Crypto Mining Malware Has Plummeted Since Coinhive Closure

Along with crypto prices, mining malware has also tanked recently but not because of the bear market. According to new research the chances of your browser being hijacked are far lower now that one major crypto scourge has gone offline.

Cyber security firm Malwarebytes has revealed that crypto mining attacks have plummeted by 79 percent compared to the same time a year ago. The report added that the primary reason for the decline was the closure of Coinhive last month.

“Marked by the popular drive-by mining company CoinHive shutting down operations in early March, consumer cryptomining seems to have gone the way of the dodo. Detections of consumer-focused Bitcoin miners have dropped significantly over the last year and even from last quarter,” it added.

Coinhive allowed webmasters to install a script that would harness the computing resources of anyone viewing the website, often without their knowledge. This would enable them to make a little extra revenue by mining Monero on the sly. As Coinhive grew, antivirus companies started blocking the scripts which became hugely popular in 2017 and 2018.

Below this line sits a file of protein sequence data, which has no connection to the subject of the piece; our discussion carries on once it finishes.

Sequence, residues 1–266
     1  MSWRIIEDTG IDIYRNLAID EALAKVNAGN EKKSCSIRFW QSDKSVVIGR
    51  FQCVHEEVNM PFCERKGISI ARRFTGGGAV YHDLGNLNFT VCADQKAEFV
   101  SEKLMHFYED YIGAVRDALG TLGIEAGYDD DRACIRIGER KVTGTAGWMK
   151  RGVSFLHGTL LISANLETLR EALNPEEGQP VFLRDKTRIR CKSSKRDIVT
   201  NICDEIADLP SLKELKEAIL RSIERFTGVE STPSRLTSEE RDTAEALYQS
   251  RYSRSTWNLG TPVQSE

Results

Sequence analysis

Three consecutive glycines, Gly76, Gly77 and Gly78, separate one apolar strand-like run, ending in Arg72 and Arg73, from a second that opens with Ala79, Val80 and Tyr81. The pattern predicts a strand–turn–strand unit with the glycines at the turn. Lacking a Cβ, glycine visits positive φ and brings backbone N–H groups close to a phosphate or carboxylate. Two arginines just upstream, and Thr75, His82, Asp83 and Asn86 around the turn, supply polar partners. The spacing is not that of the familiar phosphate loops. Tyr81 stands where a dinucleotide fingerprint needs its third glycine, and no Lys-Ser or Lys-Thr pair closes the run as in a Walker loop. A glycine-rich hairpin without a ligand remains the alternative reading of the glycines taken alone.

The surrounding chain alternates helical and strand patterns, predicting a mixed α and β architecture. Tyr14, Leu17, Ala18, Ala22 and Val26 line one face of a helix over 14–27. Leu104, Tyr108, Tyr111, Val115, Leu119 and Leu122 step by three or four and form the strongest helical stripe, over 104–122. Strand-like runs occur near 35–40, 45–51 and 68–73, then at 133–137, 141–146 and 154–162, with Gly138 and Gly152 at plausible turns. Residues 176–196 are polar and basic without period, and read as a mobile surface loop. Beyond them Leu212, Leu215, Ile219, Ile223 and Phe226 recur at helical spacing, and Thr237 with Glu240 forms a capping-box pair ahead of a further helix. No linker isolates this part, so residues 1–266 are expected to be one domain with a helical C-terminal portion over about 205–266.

Since then however Malwarebytes has said that numbers have fallen dramatically; “We went from tens of millions of blocks to an estimated two million per day,” the firm told PC Mag. Coinhive announced its demise in February this year citing the ongoing bear market and increased difficulties in mining Monero due to the latest XMR hark fork. Similar research suggests that the profitability in Monero mining has fallen significantly along with its prices. At the time of writing XMR was trading at $62, a long way down from its peak of almost $500.

A number of similar scripts have since appeared that emulate Coinhive. Instead of targeting compromised websites new versions such as CoinIMP and CryptoLoot are using torrent portals or file hosting services. In February a fake version of Metamask was found lurking on the Google Play Store. According to security firm Check Point, Coinhive scripts could be revived if crypto prices skyrocket again;

“Despite its closure, the Coinhive JavaScript code is still in place on many websites. No mining is taking place, but if the value of Monero increases significantly, it is possible that Coinhive may come back to life,”

Ledger Detects Desktop Malware

In a related story crypto wallet provider Ledger has detected malware that targets its desktop application. The firm warned users that the malware replaces the genuine software with a malicious version that asks for users to enter their 24 word passphrase after a bogus update.

At the time only Windows machines appeared to be infected and the malware does not mine or steal cryptocurrency. It attempts to use social engineering to lure users into giving up their passphrase.